US Government in Sprint to Regulate Crypto Banking


In a press release on November 23, 2021, several US government agencies announced a crypto-asset policy sprint intended to bring banking regulations to the crypto ecosystem by the end of 2022. This sprint, which aims to establish rules that protect investors, banks, and the financial system, has been largely met with enthusiasm, but some experts warn that rushing to implement policies may stifle institutional-level cryptocurrency and crypto-services adoption. 

Thus far, the move has attracted the attention of US financial services company Morgan Stanley, and at the time of the announcement, sent the stock prices of crypto banking companies Silvergate Capital and Signature skyrocketing

US Regulators Fed, FDIC and OCC Target Crypto Banks

Three US regulators, the Federal Reserve, Federal Deposit Insurance Corp. (FDIC), and Office of the Comptroller of the Currency (OCC) are collaborating on the rapid development of regulations for crypto banks. A report from Morgan Stanley indicates that this so-called “Policy Sprint” has come sooner than expected, and may be good for the crypto ecosystem.

While Morgan Stanley expected a regulatory framework for crypto banking operations, they noted that the “sense of urgency” may result in clearer regulations, sooner rather than later. They also stated that expertly-crafted regulation will increase the adoption of cryptocurrency and its related services. This move was temporarily positive for crypto banks like Silvergate and Signature.

Indeed, both Silvergate Capital and Signature saw stock prices on November 24, the day after the announcement. Silvergate’s stock jumped by 6.9% and ended the day at 6.5%.

What did the U.S. Government Statement say?

The press release claims the move is designed to quickly help “supervised institutions” — banks, financial service providers, et al — engage in crypto-asset related business by clarifying and consolidating policies across different agencies. Indeed, it seeks to ensure different agencies are on the same page regarding regulations related to issues like money laundering and consumer protection.

It adds that the government is attempting a so-called “sprint” in order to deliver concise regulations as quickly as possible.

Sprint goals:

  •  Agreeing upon a commonly used crypto terms between agencies and banking institutions
  • Identifying “key risks”— especially those related to legal considerations, compliance, and consumer protection
  • Assessing current regulations regarding crypto-assets and their validity/applicability

The analysis surveyed activities supervised institutions may engage in:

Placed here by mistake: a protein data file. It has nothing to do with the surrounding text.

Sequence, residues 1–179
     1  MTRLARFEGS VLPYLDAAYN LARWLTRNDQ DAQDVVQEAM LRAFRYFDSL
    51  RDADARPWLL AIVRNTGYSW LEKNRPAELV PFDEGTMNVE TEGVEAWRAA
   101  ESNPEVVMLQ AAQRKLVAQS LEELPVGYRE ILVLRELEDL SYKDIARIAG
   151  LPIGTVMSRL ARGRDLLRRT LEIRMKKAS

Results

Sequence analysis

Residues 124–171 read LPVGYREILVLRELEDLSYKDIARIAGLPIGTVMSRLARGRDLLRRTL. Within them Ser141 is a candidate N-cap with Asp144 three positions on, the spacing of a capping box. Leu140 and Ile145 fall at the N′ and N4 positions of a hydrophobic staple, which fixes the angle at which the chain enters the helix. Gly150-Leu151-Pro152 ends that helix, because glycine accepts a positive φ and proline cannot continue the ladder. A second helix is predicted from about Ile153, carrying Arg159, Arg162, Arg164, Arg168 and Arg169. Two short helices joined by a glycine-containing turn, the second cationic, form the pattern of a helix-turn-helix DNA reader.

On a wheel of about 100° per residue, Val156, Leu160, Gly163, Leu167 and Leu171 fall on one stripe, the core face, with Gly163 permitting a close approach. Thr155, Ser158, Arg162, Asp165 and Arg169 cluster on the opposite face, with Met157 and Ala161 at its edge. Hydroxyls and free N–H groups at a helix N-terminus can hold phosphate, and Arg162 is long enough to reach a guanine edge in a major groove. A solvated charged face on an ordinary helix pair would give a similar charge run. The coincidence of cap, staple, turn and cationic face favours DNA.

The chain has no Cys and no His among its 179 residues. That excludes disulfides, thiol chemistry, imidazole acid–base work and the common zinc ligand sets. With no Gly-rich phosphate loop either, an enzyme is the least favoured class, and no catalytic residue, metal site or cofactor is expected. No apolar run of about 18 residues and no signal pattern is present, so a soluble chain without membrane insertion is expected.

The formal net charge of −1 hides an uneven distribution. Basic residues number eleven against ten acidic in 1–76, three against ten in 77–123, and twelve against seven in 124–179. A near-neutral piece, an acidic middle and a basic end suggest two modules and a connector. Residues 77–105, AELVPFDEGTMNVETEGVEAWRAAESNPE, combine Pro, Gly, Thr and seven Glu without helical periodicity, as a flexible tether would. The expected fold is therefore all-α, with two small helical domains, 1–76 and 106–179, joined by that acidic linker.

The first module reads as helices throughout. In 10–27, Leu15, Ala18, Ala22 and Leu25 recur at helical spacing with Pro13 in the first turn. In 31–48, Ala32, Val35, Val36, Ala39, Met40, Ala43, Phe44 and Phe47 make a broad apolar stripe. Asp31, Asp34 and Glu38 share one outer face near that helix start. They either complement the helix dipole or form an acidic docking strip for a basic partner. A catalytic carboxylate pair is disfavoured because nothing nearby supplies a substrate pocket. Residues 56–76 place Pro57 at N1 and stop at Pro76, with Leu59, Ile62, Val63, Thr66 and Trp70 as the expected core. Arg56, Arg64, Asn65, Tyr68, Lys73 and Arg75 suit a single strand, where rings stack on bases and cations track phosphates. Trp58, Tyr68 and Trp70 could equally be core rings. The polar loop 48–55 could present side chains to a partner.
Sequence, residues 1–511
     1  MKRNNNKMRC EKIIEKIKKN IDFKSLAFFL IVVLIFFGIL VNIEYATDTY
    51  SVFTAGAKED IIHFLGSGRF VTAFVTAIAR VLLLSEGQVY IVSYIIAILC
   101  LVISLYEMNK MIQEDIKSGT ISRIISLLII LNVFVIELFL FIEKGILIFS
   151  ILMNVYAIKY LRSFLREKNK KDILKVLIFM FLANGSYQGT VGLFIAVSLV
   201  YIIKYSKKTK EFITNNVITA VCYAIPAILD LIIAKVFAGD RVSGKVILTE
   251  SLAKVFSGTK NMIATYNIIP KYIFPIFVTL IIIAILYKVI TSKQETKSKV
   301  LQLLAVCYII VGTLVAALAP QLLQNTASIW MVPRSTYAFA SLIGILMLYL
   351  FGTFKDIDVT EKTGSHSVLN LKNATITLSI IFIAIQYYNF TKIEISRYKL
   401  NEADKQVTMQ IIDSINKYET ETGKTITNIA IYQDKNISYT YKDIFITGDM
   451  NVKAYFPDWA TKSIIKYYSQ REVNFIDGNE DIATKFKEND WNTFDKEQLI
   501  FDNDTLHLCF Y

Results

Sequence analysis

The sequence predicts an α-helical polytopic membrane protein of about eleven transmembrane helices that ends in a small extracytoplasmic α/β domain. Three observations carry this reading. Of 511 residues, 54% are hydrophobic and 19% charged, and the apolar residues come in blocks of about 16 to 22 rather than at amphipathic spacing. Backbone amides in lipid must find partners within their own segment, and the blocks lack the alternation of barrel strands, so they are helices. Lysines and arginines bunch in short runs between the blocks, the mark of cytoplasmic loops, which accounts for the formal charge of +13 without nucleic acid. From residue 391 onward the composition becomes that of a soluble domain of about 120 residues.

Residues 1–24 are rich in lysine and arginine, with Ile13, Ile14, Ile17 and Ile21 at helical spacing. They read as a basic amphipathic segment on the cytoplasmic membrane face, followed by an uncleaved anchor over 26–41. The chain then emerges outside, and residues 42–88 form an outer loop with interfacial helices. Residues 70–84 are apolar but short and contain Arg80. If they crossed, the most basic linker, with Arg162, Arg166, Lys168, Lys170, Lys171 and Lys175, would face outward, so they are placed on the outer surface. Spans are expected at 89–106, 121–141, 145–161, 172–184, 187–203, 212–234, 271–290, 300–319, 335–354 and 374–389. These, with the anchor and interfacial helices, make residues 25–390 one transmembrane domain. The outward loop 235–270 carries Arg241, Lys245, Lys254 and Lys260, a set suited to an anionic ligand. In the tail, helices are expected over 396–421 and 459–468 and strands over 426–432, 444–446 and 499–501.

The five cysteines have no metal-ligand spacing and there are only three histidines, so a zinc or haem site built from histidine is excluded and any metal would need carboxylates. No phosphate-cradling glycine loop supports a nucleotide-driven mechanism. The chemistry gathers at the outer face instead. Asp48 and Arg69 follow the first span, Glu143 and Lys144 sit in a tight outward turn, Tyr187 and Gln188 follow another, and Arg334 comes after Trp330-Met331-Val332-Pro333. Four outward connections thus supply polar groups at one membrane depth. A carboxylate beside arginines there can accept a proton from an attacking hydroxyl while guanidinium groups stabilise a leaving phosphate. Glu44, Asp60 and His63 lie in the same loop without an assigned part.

• The custody, purchase, and sale of crypto
  • The use of crypto in collateralizing loans
  •  Stablecoins and payment activities
  • Holding of crypto assets on banking sheets


Analysts ultimately concluded that almost all of the above issues required more clarity, paving the way for future regulation.

In general, the decision to rapidly implement rules for banks in the crypto ecosystem is being viewed positively. The idea is that the sooner regulations are in place the sooner banks and financial actors can provide predictable services. Likewise, as the implementation of regulation is inevitable the attitude generally leans towards a “the sooner the better” viewpoint.

On the other side of the coin, Morgan Stanley also warned about a rushed policy implementation, as moving too quickly may “inadvertently inhibit the adoption of cryptocurrencies and their related services. They also warned that the future is not set in stone and that regulators could still choose to adopt policies that stifle the growth of crypto and its related services. Indeed, while unlikely, they could even ban them altogether.

Likewise, the move signals increased scrutiny on the use of stablecoins like Tether, adding further potential challenges to the $USD-backed token’s ever growing list of problems.

Stablecoins continue to be an area of regulatory scrutiny and any Congressional work on cryptocurrency regulation would likely have to start with regulating the $127 billion industry of stablecoin issuers, according to a House Representative. Rep. Patrick McHenry (R-N.C.), the highest-ranking GOP member of the House Financial Services Committee, recently said that stablecoins are the “soft entry point here by which we can build consensus on a bipartisan way to create law”.


In the weeks following the PR release the value of stocks for both Silvergate and Signature Capital have corrected. This being said, a consolidation of terms and regulation related to crypto is on its way, and will clear the path for increased use of crypto by banks. While the future remains uncertain, this sprint, and its resulting policies is worth keeping an eye on. 

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